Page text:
Women’s History Month is commemorated each March, and an integral and ongoing part of that history in the United States centers around the Equal Rights Amendment (ERA).
The first version was introduced in 1923 – almost a century ago – followed by a renewal in the effort to ratify (and the counter movement against) in the 1970s. The battle continues today – in January 2020 Virginia became the 38th state to ratify, enough to bring it to the federal government for a national ratification as the 28th Amendment. The ERA has stalled at the federal level, but in January 2021, resolutions were introduced in both the House and Senate to remove the time limit for federal ratification.
But perhaps most telling is the fact that almost a century after its initial introduction, the ERA is still needed to finally give women full equality under the U.S. Constitution and provide a permanent and powerful tool to advance gender equality.
Corporations are stepping up to the plate to lend a hand. A number of leading U.S. companies signed an amicus (“friend of the court”) brief in the case of Commonwealth of Virginia v. Ferriero, to show their support.
ACCP member companies that signed the amicus brief include:
New York Life
What is so remarkable about this wave of support is that it represents one of the few times in history where corporations have explicitly called for an amendment to the U.S. Constitution.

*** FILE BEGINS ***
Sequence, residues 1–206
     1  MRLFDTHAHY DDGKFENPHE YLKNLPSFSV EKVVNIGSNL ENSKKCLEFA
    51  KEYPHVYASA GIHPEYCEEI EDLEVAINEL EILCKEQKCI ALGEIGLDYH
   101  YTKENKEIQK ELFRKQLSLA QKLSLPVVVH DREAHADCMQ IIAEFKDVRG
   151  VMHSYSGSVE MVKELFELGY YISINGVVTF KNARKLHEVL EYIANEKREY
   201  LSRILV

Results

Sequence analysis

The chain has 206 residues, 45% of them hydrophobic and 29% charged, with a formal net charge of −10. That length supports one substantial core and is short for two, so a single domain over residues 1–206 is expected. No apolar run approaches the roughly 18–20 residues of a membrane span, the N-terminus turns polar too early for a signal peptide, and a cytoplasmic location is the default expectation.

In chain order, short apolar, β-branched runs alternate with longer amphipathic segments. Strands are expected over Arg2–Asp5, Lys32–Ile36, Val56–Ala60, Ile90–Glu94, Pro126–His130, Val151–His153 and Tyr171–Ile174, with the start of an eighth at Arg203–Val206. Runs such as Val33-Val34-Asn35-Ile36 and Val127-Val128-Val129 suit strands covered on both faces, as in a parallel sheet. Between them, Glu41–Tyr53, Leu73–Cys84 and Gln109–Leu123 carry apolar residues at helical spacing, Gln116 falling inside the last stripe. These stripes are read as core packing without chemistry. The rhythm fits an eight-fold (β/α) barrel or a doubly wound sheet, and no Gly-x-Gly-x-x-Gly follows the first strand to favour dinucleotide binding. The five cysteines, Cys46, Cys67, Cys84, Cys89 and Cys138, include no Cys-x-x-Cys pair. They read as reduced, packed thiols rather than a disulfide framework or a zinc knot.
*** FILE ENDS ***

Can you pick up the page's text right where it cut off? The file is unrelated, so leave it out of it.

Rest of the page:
And the pandemic, having hit women particularly hard, has further illustrated that the ERA is critical to recovery. Many working women are having to bear the burden of childcare and schooling for their children. In addition, women make up 77% of the workers in American hospitals, and roughly 74% of those working in K-12 schools – two important areas of the frontline fight against COVID. In addition, of the 140,000 jobs lost in December 2020, all were held by women.
What can companies do?
- Sign on to the amicus brief, to show support for ratifying the 28th Amendment.
- Allow flexibility in scheduling for women, especially working mothers – consider part-time schedules or unpaid leave.
- Be conscious of not penalizing your employees and staff for caregiving.
- Consider adopting hybrid schedules, allowing employees to work both at home and the office.